That's the beginning of a rehabilitation period, and also the thought process to avoid these kinds of collisions. Not only for her, but for everyone who is dependent on a blind cane.
In the Netherlands there are about 20,000 of them, worldwide the estimates are 4 million. People with such a cane are therefore not safe at night or on dark days. In fact, many of them feel so unsafe that they don't even go out when lighting conditions are not optimal.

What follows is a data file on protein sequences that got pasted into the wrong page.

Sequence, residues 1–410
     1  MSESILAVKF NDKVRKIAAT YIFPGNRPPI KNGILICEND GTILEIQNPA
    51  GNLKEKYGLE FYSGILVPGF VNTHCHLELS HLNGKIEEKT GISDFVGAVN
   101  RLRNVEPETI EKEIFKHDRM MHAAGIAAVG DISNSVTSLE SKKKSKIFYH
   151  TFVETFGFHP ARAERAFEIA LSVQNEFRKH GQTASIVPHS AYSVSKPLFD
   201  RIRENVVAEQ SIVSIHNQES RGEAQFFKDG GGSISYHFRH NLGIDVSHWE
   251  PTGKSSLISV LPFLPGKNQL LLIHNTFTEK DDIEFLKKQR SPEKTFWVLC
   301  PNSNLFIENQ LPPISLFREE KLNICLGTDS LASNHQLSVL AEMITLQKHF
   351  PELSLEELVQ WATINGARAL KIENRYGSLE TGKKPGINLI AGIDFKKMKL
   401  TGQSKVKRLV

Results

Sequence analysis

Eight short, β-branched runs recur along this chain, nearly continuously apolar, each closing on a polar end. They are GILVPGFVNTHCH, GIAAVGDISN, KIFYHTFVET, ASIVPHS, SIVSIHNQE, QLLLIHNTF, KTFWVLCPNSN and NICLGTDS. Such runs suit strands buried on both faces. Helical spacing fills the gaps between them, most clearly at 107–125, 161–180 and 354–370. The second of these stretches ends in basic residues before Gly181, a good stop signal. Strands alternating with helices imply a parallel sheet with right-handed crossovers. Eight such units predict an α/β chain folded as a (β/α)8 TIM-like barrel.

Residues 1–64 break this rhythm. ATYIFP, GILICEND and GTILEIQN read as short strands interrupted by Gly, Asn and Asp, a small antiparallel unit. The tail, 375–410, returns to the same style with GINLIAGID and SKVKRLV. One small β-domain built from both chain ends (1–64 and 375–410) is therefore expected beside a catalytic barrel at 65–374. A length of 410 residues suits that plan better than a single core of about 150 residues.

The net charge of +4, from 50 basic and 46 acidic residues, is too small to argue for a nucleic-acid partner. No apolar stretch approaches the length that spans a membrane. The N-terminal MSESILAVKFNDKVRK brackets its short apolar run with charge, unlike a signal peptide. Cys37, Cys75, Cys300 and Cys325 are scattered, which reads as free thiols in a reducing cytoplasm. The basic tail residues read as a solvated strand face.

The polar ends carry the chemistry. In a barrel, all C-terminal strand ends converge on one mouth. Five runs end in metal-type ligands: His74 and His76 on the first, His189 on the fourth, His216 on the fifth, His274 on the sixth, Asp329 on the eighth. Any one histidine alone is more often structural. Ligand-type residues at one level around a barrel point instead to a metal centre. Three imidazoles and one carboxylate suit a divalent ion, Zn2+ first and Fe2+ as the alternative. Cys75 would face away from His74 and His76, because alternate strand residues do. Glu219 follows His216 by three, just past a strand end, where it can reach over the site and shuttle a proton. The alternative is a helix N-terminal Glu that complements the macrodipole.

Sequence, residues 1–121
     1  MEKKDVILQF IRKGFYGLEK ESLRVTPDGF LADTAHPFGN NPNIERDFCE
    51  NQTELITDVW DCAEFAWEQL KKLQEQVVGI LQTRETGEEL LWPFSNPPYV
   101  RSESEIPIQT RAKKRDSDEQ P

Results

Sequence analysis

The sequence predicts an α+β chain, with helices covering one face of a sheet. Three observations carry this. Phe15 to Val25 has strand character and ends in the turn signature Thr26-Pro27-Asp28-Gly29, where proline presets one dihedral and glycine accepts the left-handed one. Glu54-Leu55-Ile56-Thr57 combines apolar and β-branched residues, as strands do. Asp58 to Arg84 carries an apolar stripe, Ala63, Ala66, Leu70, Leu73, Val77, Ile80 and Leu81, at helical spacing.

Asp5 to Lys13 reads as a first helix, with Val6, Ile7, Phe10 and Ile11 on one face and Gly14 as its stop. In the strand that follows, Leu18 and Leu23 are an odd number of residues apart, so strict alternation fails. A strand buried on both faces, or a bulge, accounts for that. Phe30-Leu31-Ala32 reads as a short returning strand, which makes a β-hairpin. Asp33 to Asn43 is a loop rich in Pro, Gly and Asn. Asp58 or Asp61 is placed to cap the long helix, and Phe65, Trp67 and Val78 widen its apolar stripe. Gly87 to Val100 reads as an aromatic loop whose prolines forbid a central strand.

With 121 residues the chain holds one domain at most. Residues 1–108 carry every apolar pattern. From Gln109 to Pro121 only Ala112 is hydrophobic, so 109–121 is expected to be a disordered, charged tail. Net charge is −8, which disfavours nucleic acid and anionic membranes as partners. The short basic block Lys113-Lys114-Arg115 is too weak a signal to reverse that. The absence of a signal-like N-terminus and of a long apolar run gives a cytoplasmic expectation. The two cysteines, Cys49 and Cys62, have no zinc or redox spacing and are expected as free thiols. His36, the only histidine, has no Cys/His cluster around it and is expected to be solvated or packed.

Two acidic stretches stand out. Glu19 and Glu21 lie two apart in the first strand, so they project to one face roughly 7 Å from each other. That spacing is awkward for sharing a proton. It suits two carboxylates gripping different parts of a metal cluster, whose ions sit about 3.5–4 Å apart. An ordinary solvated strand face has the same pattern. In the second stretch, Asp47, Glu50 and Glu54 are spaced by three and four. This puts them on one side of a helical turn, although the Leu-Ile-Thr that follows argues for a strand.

Debby gets to work. At the Waag in Amsterdam the possibilities are inventoried: the Light-Up Cane is born!
Then students of the Rotterdam University of Applied Sciences developed prototypes. Using a 3D printer, canes are now being produced for the test phase.
The business of producing the canes is a huge challenge. This is a relatively small market, and no one is venturing into the development costs.
There is now a team assisted by Havas Lemz in Amsterdam.
A pilot study is planned to measure the need for a Light-up Cane.
After that, a larger study must follow and money must be raised to start producing the canes.